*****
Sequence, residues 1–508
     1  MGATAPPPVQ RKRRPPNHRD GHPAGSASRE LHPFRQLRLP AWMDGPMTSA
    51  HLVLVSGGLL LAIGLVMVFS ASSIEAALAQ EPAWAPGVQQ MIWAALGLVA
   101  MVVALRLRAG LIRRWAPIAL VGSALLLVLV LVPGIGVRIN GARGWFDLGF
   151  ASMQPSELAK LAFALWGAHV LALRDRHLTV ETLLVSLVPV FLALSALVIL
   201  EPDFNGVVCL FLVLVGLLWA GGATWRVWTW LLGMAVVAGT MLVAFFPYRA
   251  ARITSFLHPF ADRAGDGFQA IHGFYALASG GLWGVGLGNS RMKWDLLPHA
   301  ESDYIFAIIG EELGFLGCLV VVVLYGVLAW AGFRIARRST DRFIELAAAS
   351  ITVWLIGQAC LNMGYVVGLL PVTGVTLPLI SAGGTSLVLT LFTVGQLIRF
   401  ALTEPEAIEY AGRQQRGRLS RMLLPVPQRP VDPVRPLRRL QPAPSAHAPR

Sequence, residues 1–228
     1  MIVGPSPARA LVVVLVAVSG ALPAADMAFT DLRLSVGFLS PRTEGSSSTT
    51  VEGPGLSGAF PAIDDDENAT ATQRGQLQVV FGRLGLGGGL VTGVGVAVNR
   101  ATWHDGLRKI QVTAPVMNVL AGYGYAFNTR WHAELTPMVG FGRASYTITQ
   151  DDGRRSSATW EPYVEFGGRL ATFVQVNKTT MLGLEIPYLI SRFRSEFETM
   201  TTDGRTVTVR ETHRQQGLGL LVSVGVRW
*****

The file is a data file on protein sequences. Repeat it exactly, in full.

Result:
Sequence, residues 1–508
     1  MGATAPPPVQ RKRRPPNHRD GHPAGSASRE LHPFRQLRLP AWMDGPMTSA
    51  HLVLVSGGLL LAIGLVMVFS ASSIEAALAQ EPAWAPGVQQ MIWAALGLVA
   101  MVVALRLRAG LIRRWAPIAL VGSALLLVLV LVPGIGVRIN GARGWFDLGF
   151  ASMQPSELAK LAFALWGAHV LALRDRHLTV ETLLVSLVPV FLALSALVIL
   201  EPDFNGVVCL FLVLVGLLWA GGATWRVWTW LLGMAVVAGT MLVAFFPYRA
   251  ARITSFLHPF ADRAGDGFQA IHGFYALASG GLWGVGLGNS RMKWDLLPHA
   301  ESDYIFAIIG EELGFLGCLV VVVLYGVLAW AGFRIARRST DRFIELAAAS
   351  ITVWLIGQAC LNMGYVVGLL PVTGVTLPLI SAGGTSLVLT LFTVGQLIRF
   401  ALTEPEAIEY AGRQQRGRLS RMLLPVPQRP VDPVRPLRRL QPAPSAHAPR

Sequence, residues 1–228
     1  MIVGPSPARA LVVVLVAVSG ALPAADMAFT DLRLSVGFLS PRTEGSSSTT
    51  VEGPGLSGAF PAIDDDENAT ATQRGQLQVV FGRLGLGGGL VTGVGVAVNR
   101  ATWHDGLRKI QVTAPVMNVL AGYGYAFNTR WHAELTPMVG FGRASYTITQ
   151  DDGRRSSATW EPYVEFGGRL ATFVQVNKTT MLGLEIPYLI SRFRSEFETM
   201  TTDGRTVTVR ETHRQQGLGL LVSVGVRW